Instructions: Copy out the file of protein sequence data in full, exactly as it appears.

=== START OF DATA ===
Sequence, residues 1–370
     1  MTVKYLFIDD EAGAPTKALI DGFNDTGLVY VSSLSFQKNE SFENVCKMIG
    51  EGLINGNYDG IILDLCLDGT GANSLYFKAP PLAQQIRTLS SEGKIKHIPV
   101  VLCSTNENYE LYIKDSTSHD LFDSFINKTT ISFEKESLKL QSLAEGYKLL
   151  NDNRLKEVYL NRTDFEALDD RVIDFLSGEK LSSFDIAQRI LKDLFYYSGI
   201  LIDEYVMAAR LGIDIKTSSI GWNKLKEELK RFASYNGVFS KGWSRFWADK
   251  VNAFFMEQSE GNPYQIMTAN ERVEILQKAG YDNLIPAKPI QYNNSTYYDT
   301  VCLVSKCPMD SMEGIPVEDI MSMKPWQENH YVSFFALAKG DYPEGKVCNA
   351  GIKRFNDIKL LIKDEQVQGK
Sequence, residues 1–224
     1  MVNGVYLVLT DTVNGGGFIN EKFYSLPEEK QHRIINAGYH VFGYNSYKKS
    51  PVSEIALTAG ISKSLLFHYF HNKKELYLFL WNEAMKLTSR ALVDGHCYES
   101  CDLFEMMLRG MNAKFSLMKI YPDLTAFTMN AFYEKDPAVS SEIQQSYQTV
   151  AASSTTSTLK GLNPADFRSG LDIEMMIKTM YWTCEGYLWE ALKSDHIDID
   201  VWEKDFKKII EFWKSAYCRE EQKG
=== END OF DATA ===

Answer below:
Sequence, residues 1–370
     1  MTVKYLFIDD EAGAPTKALI DGFNDTGLVY VSSLSFQKNE SFENVCKMIG
    51  EGLINGNYDG IILDLCLDGT GANSLYFKAP PLAQQIRTLS SEGKIKHIPV
   101  VLCSTNENYE LYIKDSTSHD LFDSFINKTT ISFEKESLKL QSLAEGYKLL
   151  NDNRLKEVYL NRTDFEALDD RVIDFLSGEK LSSFDIAQRI LKDLFYYSGI
   201  LIDEYVMAAR LGIDIKTSSI GWNKLKEELK RFASYNGVFS KGWSRFWADK
   251  VNAFFMEQSE GNPYQIMTAN ERVEILQKAG YDNLIPAKPI QYNNSTYYDT
   301  VCLVSKCPMD SMEGIPVEDI MSMKPWQENH YVSFFALAKG DYPEGKVCNA
   351  GIKRFNDIKL LIKDEQVQGK
Sequence, residues 1–224
     1  MVNGVYLVLT DTVNGGGFIN EKFYSLPEEK QHRIINAGYH VFGYNSYKKS
    51  PVSEIALTAG ISKSLLFHYF HNKKELYLFL WNEAMKLTSR ALVDGHCYES
   101  CDLFEMMLRG MNAKFSLMKI YPDLTAFTMN AFYEKDPAVS SEIQQSYQTV
   151  AASSTTSTLK GLNPADFRSG LDIEMMIKTM YWTCEGYLWE ALKSDHIDID
   201  VWEKDFKKII EFWKSAYCRE EQKG